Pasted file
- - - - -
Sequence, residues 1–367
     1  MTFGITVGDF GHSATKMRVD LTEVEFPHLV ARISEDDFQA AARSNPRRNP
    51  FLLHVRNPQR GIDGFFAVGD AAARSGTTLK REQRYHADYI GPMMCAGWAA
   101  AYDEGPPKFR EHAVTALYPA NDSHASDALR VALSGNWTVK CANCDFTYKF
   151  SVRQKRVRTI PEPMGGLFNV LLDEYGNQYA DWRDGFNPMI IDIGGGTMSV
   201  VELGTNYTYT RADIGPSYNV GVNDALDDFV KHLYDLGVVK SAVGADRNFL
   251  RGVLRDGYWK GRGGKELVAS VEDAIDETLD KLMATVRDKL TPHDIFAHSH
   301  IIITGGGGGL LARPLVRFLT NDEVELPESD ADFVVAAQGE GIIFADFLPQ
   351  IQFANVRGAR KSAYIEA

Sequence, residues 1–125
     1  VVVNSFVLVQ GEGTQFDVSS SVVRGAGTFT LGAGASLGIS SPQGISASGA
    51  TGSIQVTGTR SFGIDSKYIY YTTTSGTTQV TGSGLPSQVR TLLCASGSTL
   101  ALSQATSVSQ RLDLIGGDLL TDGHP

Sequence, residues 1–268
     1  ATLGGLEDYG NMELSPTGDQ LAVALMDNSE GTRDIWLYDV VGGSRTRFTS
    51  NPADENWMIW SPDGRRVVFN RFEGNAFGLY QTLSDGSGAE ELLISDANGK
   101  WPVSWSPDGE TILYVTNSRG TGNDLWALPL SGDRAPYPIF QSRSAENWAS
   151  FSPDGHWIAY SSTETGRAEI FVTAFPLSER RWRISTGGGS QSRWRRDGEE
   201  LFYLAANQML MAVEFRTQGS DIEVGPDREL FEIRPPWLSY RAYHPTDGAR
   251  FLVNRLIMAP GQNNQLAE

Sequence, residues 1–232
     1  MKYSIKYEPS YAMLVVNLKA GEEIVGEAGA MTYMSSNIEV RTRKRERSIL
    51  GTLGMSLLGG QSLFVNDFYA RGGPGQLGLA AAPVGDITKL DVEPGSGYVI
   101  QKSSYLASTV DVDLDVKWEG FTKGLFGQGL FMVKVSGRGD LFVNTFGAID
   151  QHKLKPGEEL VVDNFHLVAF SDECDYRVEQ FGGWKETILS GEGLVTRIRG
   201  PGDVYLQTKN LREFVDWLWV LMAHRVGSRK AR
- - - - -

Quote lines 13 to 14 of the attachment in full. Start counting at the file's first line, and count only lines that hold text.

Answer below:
   101  ALSQATSVSQ RLDLIGGDLL TDGHP

Sequence, residues 1–268